Credit Suisse Reduces Quarterly Profit 25% on $290 Million Legal Provision

Credit Suisse Group AG, Switzerland’s second-biggest bank, took a provision of 277 million Swiss francs ($290 million) for mortgage-related litigation just days after the U.S. Justice Department fined Morgan Stanley.

The bank cited investigations in the U.S. relating to mortgages as it booked the charge that reduced fourth-quarter profit by 25 percent, Credit Suisse said in a statement Friday.

Credit Suisse, based in Zurich, increased legal provisions after Morgan Stanley agreed to settle probes into its creation and sale of residential mortgage-backed securities for $2.6 billion Feb. 25. JPMorgan Chase & Co., Bank of America Corp. and Citigroup Inc. -- the three biggest U.S. banks -- previously settled with federal and state authorities over the probes, agreeing to pay a total of more than $35 billion in cash and consumer relief.

The amount paid by Morgan Stanley was “at the lower end of market expectations,” said Alevizos Alevizakos, a London-based analyst at Keefe, Bruyette & Woods Inc. “This is positive for the European investment banks. RMBS investigations remain the largest open legal item” for Credit Suisse, he said by e-mail Saturday.

Greater Losses

The bank also increased its estimate of possible losses from litigation not covered by provisions to as much as 1.8 billion francs from as much as 1.3 billion francs previously, it said Friday. It restated its Basel III common equity ratio at 10.1 percent from 10.2 percent previously.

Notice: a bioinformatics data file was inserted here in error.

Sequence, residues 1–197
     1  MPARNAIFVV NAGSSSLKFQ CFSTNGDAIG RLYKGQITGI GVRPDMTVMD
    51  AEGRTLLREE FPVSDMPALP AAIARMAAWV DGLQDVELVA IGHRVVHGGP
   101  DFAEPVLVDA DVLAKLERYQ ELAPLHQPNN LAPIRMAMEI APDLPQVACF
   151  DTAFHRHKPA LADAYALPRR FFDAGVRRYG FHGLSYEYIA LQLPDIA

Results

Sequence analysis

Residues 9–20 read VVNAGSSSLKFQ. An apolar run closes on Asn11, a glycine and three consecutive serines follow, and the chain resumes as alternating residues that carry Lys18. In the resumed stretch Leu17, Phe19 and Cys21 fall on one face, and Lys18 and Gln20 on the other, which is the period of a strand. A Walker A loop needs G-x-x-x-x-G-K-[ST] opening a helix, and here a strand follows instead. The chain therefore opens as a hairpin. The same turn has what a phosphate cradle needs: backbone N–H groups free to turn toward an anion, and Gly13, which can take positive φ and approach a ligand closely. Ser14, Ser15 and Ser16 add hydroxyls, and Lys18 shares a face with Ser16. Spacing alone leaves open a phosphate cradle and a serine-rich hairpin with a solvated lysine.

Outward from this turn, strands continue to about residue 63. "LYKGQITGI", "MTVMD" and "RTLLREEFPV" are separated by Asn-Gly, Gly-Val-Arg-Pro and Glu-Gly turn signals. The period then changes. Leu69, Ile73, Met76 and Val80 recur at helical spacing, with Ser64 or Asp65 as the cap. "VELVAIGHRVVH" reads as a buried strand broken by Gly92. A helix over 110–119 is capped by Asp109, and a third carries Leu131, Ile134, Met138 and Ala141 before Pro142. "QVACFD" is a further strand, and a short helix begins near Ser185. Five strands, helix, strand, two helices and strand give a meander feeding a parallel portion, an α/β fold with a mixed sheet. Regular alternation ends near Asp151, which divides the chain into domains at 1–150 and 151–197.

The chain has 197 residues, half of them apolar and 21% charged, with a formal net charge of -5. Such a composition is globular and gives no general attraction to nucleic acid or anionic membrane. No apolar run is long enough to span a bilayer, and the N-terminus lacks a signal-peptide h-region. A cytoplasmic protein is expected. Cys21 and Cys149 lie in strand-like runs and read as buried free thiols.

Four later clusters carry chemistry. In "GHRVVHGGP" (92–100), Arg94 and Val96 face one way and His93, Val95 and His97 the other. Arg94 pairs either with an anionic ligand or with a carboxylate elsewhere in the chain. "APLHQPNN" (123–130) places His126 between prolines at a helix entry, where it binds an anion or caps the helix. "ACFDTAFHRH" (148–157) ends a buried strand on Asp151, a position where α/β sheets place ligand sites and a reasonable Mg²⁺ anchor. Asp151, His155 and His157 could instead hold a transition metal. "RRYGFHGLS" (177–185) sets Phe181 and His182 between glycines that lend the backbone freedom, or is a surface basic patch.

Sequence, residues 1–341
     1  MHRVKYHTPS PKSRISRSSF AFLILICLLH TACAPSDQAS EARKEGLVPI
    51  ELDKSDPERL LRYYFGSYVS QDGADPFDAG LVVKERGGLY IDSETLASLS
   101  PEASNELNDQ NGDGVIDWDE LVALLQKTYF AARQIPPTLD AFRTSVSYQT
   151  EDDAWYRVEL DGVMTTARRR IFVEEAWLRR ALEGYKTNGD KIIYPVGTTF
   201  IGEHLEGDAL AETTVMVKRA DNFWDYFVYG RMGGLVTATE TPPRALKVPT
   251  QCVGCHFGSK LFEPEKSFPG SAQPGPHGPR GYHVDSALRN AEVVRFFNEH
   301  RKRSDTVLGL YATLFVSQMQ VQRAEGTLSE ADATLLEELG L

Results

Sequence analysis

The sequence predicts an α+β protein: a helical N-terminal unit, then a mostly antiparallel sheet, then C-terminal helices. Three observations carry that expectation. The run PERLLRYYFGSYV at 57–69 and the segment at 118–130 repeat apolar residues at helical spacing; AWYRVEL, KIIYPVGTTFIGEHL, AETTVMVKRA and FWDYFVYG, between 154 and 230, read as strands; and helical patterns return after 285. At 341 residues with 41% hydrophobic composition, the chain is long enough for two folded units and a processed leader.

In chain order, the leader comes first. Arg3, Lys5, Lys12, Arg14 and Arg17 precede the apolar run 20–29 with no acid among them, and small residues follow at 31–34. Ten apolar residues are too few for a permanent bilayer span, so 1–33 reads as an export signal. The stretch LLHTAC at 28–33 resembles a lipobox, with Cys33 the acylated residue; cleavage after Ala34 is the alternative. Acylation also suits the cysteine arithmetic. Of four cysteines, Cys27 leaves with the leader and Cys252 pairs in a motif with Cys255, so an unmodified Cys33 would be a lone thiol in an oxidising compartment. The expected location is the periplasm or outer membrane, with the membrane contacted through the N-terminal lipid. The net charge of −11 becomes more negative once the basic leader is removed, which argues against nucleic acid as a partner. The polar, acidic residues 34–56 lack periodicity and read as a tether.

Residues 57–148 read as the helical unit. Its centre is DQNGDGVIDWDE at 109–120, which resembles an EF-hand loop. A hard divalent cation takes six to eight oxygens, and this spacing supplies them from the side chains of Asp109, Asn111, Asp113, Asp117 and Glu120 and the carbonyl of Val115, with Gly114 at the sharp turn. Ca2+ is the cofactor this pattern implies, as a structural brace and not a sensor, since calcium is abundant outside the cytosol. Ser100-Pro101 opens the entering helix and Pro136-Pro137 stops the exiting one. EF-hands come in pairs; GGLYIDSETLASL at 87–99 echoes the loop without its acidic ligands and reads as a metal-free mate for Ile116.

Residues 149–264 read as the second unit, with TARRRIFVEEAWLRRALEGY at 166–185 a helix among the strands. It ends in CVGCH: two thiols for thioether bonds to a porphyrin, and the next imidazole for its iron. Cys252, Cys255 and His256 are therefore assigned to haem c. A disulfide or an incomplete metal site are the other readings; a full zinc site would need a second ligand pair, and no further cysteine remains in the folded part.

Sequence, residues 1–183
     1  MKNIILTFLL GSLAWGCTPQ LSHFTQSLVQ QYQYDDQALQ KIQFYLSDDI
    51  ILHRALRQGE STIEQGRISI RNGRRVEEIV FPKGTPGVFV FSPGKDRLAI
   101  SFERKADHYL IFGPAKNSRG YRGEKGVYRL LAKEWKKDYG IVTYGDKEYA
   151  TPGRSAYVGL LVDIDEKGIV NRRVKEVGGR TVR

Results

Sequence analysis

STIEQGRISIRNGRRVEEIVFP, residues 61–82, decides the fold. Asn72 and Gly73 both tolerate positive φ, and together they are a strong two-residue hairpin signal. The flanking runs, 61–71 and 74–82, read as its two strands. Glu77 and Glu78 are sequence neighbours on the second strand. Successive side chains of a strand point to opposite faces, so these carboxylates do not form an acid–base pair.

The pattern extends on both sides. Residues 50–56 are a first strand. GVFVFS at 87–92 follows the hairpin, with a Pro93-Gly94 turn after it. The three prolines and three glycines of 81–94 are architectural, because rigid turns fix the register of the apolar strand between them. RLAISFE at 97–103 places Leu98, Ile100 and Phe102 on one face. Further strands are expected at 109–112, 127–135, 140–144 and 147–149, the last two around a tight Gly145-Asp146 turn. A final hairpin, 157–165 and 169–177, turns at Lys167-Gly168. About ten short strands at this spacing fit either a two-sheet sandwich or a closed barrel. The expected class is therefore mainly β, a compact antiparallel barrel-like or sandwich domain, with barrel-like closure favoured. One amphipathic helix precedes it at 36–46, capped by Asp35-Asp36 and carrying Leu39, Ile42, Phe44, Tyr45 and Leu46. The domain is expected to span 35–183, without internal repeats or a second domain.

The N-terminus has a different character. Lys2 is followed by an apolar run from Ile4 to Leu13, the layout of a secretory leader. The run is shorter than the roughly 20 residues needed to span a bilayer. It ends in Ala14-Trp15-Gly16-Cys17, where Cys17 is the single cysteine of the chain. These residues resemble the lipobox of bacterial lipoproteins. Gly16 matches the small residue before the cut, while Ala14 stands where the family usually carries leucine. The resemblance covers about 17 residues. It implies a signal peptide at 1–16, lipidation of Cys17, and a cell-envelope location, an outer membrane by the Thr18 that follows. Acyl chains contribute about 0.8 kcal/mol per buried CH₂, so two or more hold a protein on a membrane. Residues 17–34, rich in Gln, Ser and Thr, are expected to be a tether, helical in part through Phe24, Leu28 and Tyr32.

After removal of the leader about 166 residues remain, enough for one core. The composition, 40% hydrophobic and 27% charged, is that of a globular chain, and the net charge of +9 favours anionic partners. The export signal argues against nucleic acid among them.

Credit Suisse was ordered in December to face a $10 billion lawsuit by New York’s attorney general, accusing the bank of fraud in the sales of mortgage-backed securities before the 2008 financial crisis. The firm faces other lawsuits in the U.S. related to mortgages.

Fourth-quarter net income fell to 691 million francs from 921 million francs reported on Feb. 12 as a result of the charge. Chief Executive Officer Brady Dougan this month said the bank was making progress on litigation.

“We obviously do continue to work through the mortgage issues in the U.S. and continue to make progress on those,” Dougan told analysts on a conference call when the bank reported earnings. “But we’ll have to see obviously how things go from here.”

Credit Suisse last year settled lawsuits by the Federal Housing Finance Agency over mortgages sold to Fannie Mae and Freddie Mac. It also settled a U.S. investigation of whether the bank helped Americans evade taxes.

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